Alas, with the demise of the Bakery Center in South Miami over a decade ago, the then proposed Shops at Sunset Place were to serve as the urban catalyst for the city South Miami. Now, eight years after Sunset Place opened, we have been able to see the less than stellar transformation the neighborhood has experienced along with the generally lackluster performance of the new mall.


The Shops at Sunset Place was designed as a mall in transition. The sprawling suburban mall concept was just beginning to fade away from the American landscape while the “lifestyle center” concept had yet to fully take off. Having witnessed the failure of the Bakery Center, Simon Malls was careful to not retrace the same steps, but by the same token, was reluctant to fully pioneer a new urban and real “lifestyle center.” Unlike its predecessor, Sunset Place was designed to be an open-aired Mediterranean community, incorporating former mall aspects like big boxed anchor tenants with street-level restaurants, faux cityscapes, and even a few residential units. The center was originally envisioned to be an entertainment center, but the quick failure of some of the theme restaurants and IMAX Theater, quickly changed intended target use. Since its inception, the mall has struggled to maintain a strong and lasting business base. This can perhaps be attributed to its awkward design, as I said earlier, as a mall in transition: too few apartments, too big of a parking garage for an urban center, but too small for a mall, near isolation from the surrounding urban area, and a terrible incorporation into the South Miami neighborhood and nearby public transit.

The Shops at Wasted Space Sunset Place has served as a catalyst for South Miami: bringing the worst urban planning ideas to an area that was once brimming with potential. The area will soon become the biggest conglomeration of public parking facilities I’ve ever witnessed. I walk through this area nearly everyday, somehow avoiding every Benz and Beemer which comes careening through the area in search of parking and jarringly unconscious of any pedestrian laws which might exist. Despite the area’s proximity to public transit, I have never seen such obstinate disregard for incorporating the metrorail with the urban area.


Now, rising in the heart of the area are two developments which will continue the neighborhood’s transformation from urban center to urban disaster. The map above shows the existing public parking garage structures in the area (Red circles.) The first catastrophic development, highlighted by the yellow circle is the upcoming Plaza San Remo (Where’s the Plaza?) with over 100,000+ square feet of office space and a 65,000 square foot Whole Foods Market. The complex, which is being advertised as: “A first-class Medical & Professional Condominium where South Miami, Coral Gables, and Pinecrest Meet” is rising just east of the most uninviting pedestrian façade of Sunset Place. The inhospitable surroundings of the blank walls of Sunset Place, Wendy’s drive-thru, and near chaotic activity along Red Rd. will almost guarantee that this complex will only be accessible by vehicle, so don’t let the pretty red awnings fool you, they aren’t there for anything other than looks. Most disturbing though, Plaza San Remo will contain: “Generous covered parking for owners and visitors – five spaces per 1,000 feet.” A lot of good those 825 spaces will do the area when the local streets area already at or near capacity and the building is less than a quarter-mile from the nearest transit station…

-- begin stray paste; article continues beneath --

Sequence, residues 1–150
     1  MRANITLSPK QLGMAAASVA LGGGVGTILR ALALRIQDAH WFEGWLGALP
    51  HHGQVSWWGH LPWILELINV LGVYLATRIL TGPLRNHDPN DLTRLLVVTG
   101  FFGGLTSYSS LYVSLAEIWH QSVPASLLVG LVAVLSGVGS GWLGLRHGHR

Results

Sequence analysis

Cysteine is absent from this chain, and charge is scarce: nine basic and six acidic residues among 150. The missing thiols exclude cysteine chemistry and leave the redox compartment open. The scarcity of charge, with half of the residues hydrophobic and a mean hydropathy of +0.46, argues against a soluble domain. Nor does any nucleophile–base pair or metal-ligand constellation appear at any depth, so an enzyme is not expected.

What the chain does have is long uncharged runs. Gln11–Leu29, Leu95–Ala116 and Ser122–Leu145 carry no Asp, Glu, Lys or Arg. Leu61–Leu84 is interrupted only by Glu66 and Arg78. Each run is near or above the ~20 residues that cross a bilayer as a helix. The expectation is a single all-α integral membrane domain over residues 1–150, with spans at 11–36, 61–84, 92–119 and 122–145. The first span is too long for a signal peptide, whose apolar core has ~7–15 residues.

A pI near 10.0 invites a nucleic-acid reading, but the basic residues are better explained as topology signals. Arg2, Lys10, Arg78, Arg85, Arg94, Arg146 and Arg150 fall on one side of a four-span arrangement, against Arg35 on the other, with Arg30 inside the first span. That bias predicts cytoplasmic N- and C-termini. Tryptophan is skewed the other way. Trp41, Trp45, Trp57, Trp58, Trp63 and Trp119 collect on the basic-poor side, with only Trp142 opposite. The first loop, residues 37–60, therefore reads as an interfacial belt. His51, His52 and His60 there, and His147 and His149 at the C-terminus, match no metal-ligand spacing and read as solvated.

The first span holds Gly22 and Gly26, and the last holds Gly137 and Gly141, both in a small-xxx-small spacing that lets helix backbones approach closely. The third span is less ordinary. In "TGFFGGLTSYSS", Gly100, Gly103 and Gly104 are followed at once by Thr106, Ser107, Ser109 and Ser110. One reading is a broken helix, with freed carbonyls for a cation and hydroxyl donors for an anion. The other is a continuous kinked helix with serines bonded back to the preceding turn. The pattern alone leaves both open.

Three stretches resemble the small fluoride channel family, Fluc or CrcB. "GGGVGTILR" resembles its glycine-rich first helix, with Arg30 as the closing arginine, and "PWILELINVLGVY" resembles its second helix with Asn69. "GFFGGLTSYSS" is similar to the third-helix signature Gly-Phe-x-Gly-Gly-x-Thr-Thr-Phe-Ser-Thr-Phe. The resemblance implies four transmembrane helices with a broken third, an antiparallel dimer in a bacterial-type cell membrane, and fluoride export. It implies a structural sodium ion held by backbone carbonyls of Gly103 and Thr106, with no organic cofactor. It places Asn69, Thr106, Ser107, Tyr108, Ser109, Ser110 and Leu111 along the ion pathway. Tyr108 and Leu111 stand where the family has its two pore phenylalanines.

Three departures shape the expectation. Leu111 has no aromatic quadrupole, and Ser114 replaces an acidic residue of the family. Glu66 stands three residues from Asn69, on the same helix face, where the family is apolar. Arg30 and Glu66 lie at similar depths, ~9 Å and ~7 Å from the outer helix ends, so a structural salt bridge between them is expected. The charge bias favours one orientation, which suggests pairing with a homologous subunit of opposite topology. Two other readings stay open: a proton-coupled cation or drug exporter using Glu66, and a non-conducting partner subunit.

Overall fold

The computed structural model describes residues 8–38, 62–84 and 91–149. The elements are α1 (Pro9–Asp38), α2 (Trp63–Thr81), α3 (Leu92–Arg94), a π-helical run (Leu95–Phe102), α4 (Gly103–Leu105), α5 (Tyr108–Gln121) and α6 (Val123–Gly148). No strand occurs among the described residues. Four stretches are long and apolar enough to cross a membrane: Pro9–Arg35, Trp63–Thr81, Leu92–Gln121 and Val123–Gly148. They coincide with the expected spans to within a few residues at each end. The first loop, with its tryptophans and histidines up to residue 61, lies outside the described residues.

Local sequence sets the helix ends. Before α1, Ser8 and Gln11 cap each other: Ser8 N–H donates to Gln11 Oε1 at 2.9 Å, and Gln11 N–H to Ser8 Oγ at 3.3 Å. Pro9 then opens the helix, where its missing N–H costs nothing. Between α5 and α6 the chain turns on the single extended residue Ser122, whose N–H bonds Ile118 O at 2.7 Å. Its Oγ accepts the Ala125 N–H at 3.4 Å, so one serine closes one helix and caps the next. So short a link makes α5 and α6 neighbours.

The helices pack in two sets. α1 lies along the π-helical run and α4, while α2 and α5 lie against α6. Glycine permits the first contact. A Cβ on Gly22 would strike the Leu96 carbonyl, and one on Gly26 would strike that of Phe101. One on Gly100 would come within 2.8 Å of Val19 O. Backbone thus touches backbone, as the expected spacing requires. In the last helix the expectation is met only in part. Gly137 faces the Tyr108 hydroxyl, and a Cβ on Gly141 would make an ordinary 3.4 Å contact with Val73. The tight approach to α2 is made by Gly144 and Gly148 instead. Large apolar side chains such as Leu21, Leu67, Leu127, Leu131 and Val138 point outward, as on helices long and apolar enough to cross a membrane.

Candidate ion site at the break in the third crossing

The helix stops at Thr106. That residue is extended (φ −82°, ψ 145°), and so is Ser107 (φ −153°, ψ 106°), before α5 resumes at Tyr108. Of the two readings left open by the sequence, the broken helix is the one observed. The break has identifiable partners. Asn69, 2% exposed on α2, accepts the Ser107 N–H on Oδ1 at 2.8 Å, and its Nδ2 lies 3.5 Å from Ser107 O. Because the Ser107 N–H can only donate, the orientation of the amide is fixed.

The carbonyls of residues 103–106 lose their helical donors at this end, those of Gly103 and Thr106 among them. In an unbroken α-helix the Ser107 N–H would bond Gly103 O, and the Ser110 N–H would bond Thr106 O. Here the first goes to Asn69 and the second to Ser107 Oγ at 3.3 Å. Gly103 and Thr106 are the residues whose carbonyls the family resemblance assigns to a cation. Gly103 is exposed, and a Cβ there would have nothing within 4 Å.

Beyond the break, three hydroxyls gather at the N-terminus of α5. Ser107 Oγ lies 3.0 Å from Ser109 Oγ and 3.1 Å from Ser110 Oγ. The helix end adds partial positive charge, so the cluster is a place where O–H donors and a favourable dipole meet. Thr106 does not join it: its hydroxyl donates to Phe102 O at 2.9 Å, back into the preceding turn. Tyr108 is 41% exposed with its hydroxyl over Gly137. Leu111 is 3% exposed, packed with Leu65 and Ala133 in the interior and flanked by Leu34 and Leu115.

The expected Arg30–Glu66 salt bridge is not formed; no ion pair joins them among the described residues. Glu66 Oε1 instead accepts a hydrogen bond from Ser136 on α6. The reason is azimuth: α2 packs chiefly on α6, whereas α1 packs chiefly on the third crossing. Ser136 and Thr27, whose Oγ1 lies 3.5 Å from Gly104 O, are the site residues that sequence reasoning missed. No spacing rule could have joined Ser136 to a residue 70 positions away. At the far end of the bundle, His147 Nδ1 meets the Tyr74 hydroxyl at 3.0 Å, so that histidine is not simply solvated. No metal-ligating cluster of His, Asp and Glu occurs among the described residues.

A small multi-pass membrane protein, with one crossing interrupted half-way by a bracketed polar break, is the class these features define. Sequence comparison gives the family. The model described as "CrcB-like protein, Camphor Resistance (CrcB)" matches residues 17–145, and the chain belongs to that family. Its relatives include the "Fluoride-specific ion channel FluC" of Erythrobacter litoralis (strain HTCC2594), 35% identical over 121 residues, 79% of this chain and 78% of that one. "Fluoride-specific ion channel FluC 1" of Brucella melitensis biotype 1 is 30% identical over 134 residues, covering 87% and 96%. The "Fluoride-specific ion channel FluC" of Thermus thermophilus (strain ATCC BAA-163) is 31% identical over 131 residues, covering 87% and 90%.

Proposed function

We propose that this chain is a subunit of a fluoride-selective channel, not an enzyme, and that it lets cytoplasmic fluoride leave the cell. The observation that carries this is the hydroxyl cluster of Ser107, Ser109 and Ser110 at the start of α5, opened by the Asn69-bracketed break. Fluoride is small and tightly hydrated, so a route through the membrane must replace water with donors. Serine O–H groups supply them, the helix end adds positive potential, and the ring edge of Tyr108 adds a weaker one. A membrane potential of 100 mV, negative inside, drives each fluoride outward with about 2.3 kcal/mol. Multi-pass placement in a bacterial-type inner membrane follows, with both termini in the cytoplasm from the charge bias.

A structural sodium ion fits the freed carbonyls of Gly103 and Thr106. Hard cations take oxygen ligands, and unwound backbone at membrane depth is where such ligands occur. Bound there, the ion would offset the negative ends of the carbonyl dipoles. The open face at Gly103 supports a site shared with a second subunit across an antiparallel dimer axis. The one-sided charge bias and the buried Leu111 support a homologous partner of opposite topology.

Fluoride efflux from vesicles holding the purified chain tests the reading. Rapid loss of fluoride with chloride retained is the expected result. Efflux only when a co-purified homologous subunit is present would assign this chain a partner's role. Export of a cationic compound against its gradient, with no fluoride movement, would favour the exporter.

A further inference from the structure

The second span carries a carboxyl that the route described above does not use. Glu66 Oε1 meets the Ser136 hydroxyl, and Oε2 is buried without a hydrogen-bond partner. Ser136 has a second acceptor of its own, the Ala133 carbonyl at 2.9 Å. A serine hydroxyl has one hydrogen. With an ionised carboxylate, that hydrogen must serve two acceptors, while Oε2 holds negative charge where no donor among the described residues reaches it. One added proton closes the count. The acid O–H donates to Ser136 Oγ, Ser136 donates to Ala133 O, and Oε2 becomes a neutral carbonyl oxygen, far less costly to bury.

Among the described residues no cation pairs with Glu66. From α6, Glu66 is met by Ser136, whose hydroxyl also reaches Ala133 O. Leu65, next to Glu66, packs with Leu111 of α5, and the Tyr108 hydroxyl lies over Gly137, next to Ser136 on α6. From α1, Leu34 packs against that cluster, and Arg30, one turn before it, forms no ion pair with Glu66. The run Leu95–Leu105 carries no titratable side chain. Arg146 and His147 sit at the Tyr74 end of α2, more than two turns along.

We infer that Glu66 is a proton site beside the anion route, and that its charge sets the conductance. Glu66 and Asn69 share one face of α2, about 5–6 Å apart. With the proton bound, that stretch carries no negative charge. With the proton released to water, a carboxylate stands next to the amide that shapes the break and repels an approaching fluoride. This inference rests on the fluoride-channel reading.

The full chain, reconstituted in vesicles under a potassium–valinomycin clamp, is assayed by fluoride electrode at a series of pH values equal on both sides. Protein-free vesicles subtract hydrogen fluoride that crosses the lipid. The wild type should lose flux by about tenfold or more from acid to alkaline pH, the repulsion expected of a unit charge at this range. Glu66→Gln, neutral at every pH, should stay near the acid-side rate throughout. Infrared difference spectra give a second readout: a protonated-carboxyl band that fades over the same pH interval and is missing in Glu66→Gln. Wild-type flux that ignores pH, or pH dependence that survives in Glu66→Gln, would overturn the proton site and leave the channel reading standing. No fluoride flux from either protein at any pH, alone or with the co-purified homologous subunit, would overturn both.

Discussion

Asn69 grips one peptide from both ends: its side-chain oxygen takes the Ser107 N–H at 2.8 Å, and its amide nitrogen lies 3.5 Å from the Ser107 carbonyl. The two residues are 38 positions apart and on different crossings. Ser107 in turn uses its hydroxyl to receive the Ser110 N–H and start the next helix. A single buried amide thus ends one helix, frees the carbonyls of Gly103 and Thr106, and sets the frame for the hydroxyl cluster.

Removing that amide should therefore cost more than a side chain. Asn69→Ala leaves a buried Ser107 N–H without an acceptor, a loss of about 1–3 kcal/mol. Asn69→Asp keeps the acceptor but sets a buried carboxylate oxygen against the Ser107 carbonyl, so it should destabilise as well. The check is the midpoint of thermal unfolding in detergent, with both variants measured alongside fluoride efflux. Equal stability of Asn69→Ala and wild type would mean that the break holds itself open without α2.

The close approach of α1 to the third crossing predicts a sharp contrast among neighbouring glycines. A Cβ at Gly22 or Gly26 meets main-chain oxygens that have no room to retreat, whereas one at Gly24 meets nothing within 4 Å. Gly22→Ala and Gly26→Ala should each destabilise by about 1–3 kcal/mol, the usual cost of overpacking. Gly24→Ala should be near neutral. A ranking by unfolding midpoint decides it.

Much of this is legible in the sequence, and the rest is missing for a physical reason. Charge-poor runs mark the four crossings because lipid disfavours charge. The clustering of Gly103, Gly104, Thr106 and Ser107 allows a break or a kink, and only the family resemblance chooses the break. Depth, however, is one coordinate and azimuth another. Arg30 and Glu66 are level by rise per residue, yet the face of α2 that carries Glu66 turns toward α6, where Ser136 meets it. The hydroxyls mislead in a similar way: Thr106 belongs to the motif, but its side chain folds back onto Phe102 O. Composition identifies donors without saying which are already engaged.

Highlighted by the blue circle on the map and about one tenth of a mile away from the transit station is the upcoming catastrophic restaurant/public parking garage facility. The 435 parking spot garage will sit above 36,000 square feet of restaurants including a Carrabas, Outback Steakhouse, and a “sport themed” restaurant according to city documents (Note the public concerns: “He felt that key points about safety in the garage were addressed such as proper turning radiuses for cars…”) Give me a break! What about the fact that the area can’t handle another 435 patrons cars or that a parking garage isn’t exactly part of the urban design South Miami should be looking for for the city center, all the public cares about is whether they will be able to drive their Hummer or Navigator through without getting a scratch…It looks like the only wait for a table for two will be on the two lanes of 73rd St

The Green lines on the map indicate streets which contain on-street parallel parking spaces. The orange circles highlight the local existing surface parking lot facilities. Aside from parking and food themed retail, the urban center is lacking any sort of residential identity. The city and County have completely neglected the fact that transit was originally intended to be incorporated into the urban center, a fact which will soon be realized as the South Miami streets become choked by the very traffic they were originally intended to attract…

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One Response to The Shops at Wasted Space

  1. BW says:

    Makes me yearn for the old Holsum bakery that was there before it moved to Hialeah…

       0 likes

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